Our afternoon session was for 7th & 8th graders from 1:00-4:00.  One of our goals for this camp was to introduce the concept of becoming a 4 dimensional offensive player along with introducing our junior high base man offense and transition offense.  For us, a 4 dimensional offensive player is one who can attack the basket, have a mid range game, play with his back to the basket, and shoot the 3 pt shot. Because of our normal overall lack of size at the varsity level, it is our goal to have as many 4D players as possible on the court.  The first 2 hours of each session would be teaching and drilling the skills necessary to develop a 4D player. In the last hour of camp, we would have a 1 on 1, 2 on 2, or 3 on 3 tournament. Our goals for our afternoon session were to have fun through the game of basketball, introduce the concept of being a 4 dimensional scorer, and introduce our transition offense and base man offense.

At the conclusion of camp, I would always send a camp picture to our local newspaper along with a list of participants, award winners, and contest winners.  Kids always love seeing their name and picture in the paper and it’s a good way to sell the program.

Most years, I would bring our 9th graders up for a week of camp on their own.  On years that we did not have enough to do this, we would combine them with our 7th and 8th grade session.  The purpose for having a separate 9th grade camp was to expedite the transition process from junior high to high school basketball.  For our program, the 9th grade year was crucial for a couple of reasons.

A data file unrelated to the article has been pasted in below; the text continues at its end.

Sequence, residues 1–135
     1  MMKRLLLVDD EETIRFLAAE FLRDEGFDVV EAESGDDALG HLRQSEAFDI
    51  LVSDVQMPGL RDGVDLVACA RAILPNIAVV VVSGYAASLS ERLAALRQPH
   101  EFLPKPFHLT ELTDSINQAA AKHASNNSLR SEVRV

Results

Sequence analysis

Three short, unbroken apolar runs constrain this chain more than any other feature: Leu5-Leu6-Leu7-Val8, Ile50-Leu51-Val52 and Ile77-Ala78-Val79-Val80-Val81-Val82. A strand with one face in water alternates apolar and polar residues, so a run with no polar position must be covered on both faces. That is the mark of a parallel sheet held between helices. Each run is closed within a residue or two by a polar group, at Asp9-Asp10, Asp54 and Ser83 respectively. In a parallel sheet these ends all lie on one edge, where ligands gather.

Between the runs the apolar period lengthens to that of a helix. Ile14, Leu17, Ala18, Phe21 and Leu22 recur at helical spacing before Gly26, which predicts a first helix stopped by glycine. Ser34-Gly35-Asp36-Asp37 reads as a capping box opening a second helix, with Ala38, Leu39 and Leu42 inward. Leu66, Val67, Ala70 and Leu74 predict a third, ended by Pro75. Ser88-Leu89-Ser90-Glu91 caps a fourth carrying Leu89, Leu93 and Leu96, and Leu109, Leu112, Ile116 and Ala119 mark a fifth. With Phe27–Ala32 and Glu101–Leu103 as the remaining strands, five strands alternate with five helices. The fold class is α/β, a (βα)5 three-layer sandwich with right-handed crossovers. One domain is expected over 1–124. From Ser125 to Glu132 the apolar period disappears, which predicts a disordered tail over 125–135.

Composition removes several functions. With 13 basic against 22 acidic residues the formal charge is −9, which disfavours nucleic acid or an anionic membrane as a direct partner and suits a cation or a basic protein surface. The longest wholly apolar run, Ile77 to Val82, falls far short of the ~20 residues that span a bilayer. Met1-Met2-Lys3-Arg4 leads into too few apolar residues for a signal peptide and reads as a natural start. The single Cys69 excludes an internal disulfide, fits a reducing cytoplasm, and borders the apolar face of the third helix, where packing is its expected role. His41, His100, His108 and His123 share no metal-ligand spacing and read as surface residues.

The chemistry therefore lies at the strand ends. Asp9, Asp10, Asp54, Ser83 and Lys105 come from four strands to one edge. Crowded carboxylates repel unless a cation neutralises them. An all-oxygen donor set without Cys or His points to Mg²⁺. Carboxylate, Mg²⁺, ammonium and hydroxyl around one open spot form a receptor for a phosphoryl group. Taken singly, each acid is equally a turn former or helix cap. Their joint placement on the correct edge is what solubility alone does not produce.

Fundamentally, we start expecting players to shoot a jump shot as a freshman.  Up until this point, we have worked extensively on technique so most should have solid shooting form if they have been through each step of our progression to this point.  Learning to shoot a jump shot is the next step.

Secondly, we don’t teach our defensive system until the 9th grade so camp always allowed me to introduce this system to them.  In my mind, pressure defense was the trademark of White Oak basketball so I wanted to be the one to introduce it.

Thirdly, we could also review our base offenses along with introducing additional offensive concepts to be used in the high school. We would conduct this camp the first week of summer so that our 9th graders who were participating in our summer league program would be better prepared.  Also, since many of our 9th graders also played football, this camp allowed us to have a head start on basketball once football season was complete. Obviously, they are not going to retain everything but it goes a long way in speeding up the process. Basically, for our freshman, this week was a 3 hour workout each day…thus the transition to high school basketball.  

That’s the Roughneck Basketball Camp in a nutshell.  With this entry of Coach With A Purpose, I’ve attempted to give an overall philosophy for our summer camp, how it fits into the overall progression of our program, the goals of each session, and the rationale behind why it was done this way.  For anyone interested in a more detailed description of our camp sessions, feel free to email me at [email protected] and I will send you an example of our camp schedule for the week.

In the next entry of Coach With A Purpose, I will detail the role of our 9th grade in our overall program.  

Thanks for reading and Coach With A Purpose!